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Writing

RECOMMENDED!






Writing Humor: The Trick of Being Funny

by The Editor Company   

 
 


It is not hard to write humorous matter. All you have to do is to procure a pen, some paper and ink, and then sit down and write the funny thoughts as they occur to you. It is not the writing, but the occurring, that is hard.

Like all forms of writing, however, the jest is susceptible to principles and analysis. He, who goes at joke-making blindly, will succeed once and fail a hundred times; he, who studies in advance the various types of humor, and the underlying rules, will find that, after all, being funny is not such a serious and "regretful" business.

First, let us study the joke pure and simple—the two- or three-line quip of repartee with a climax.

The easiest and most common form of joke-making depends upon the pun. Unfortunately, however, it is also the lowest type of humor and for that reason perhaps the most difficult to sell. Broadly speaking, the class subdivides into:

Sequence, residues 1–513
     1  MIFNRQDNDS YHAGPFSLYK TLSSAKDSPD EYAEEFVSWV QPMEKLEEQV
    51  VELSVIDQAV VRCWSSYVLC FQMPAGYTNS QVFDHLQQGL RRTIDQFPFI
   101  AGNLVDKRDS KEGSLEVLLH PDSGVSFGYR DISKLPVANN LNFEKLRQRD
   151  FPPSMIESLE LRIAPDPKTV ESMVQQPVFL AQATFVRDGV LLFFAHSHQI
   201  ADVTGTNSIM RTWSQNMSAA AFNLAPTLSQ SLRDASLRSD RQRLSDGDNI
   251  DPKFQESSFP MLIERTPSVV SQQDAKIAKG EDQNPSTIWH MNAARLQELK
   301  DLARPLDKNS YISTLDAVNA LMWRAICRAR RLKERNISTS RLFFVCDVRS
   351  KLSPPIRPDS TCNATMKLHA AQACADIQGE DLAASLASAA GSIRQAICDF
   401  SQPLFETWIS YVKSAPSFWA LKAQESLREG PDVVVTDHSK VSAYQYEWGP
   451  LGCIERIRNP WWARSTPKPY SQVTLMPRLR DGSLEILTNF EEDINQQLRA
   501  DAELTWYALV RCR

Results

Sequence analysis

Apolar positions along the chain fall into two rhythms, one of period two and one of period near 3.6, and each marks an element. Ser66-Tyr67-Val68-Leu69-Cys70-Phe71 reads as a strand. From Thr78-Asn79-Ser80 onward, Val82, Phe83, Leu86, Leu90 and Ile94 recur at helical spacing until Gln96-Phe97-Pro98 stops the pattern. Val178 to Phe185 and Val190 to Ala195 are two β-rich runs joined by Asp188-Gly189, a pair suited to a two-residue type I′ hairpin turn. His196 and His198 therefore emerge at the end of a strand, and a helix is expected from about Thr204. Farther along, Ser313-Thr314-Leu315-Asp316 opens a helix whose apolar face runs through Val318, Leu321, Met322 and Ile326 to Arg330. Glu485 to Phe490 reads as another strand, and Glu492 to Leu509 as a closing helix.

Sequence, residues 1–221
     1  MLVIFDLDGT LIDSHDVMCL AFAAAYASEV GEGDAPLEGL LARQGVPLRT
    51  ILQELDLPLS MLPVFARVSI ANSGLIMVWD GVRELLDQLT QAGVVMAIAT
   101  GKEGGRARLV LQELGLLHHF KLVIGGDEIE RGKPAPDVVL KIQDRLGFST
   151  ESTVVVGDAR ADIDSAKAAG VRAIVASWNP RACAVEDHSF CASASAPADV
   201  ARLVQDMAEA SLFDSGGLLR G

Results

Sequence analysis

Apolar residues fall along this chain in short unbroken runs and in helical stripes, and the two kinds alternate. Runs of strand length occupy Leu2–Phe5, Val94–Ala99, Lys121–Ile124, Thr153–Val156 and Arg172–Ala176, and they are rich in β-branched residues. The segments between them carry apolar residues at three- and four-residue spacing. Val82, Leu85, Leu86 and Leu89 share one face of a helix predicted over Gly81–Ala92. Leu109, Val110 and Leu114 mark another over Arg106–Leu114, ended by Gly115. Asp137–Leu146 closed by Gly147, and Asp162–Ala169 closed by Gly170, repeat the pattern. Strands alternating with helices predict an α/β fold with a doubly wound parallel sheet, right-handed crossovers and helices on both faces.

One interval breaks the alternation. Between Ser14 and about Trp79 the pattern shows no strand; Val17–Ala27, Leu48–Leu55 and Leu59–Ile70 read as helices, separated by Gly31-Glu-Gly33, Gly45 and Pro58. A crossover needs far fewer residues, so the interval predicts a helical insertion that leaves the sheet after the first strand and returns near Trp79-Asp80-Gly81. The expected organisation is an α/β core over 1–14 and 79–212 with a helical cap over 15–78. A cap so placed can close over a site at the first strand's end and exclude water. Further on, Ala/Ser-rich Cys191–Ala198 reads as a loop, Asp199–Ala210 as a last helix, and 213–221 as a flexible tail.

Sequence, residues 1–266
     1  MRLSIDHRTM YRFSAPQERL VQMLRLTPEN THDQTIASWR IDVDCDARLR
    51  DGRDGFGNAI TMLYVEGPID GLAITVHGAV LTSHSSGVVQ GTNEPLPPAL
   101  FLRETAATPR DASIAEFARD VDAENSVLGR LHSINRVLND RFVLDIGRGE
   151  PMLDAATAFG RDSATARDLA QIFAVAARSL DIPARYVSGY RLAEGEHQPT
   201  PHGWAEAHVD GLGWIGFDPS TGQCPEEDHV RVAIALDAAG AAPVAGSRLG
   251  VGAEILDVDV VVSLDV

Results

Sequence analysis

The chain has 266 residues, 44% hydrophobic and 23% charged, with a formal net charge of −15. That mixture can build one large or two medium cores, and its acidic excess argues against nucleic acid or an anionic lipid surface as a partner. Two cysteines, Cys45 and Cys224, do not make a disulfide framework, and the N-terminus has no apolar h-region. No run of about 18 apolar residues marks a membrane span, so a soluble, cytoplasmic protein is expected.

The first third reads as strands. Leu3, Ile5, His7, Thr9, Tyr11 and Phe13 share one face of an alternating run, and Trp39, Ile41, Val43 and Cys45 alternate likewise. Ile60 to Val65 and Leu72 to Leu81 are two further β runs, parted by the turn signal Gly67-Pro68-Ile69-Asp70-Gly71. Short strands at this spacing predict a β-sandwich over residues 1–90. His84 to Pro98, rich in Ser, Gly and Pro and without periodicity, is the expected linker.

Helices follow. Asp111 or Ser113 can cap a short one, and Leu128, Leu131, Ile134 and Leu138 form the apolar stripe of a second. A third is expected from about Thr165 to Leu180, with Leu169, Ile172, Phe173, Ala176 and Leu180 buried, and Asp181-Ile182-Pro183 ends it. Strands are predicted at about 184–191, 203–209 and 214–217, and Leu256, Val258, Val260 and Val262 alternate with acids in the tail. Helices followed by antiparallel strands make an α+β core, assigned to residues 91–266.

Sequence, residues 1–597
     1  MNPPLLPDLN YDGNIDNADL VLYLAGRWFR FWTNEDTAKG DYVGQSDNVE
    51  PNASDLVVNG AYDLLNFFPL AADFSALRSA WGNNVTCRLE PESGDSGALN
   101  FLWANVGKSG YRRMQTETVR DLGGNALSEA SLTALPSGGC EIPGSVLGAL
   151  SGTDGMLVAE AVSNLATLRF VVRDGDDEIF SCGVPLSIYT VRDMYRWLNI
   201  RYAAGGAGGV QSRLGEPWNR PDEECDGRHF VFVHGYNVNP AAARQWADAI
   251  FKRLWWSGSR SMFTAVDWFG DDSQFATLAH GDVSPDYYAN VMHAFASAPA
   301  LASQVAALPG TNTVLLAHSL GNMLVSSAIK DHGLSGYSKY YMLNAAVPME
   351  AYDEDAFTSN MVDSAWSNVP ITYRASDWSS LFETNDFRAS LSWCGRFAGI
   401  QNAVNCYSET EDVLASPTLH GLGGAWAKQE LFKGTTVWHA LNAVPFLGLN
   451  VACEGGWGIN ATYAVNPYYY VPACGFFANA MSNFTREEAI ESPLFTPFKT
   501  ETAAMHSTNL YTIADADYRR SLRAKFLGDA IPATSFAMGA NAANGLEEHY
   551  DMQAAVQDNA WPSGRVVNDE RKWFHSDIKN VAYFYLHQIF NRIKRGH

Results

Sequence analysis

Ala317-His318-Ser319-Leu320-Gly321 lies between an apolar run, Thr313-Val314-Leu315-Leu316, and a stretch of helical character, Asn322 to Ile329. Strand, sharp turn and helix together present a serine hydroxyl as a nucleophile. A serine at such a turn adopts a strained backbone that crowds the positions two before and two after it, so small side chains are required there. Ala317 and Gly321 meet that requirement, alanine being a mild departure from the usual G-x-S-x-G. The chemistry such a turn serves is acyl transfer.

1.  The pure pun. In this the play of fun is simply upon the fact that two words pronounced alike have different meanings. To be salable, the pun joke must be perfect and original. All humorous publications dabble in it, apparently for lack of better material. Horrible example: check—payment for accepted manuscript; also a stop upon ambition. Salable example :

His death, which happened in his berth,

At forty-odd befell; They went and told the sexton,

And the sexton tolled the bell.

2.  The idiomatic or commonplace phrase translated literally. This ranges from slang to technical terms, through a great pasture of everyday expressions. The phrases usually lend themselves readily to illustrations; the humorist who can both

write and sketch has a double opportunity; the writer alone, however, can sell his idea, suggesting the drawing if it proves necessary to an explanation of the point. Well-known quotations are frequently illustrated in a manner that must make their sponsors writhe. Horrible, but sold, examples: "Maintaining his honor"—picture of a man supporting an intoxicated judge. "Dropped her eyes," "swept the room with her eyes," "played upon her feelings," etc.

3. The partially heard or partially misunderstood similarity. This is the pun in far-fetched, imperfect, debauched condition. It is employed gleefully and often successfully with:

(a) Children, who attempt to repeat sermons, conversations, stories they have heard or read, and who through lack of mature understanding make ludicrous errors.

(b)   Ignorant or illiterate characters, who do the same.

(c)   Characters who in using dialect make puns by adding or subtracting letters or by twisting or mutilating a word.

(d)   Deaf persons, who repeat, with slight variations, the word or words they do not quite hear.

(e)   Flippant characters, who parry and thrust with strained puns.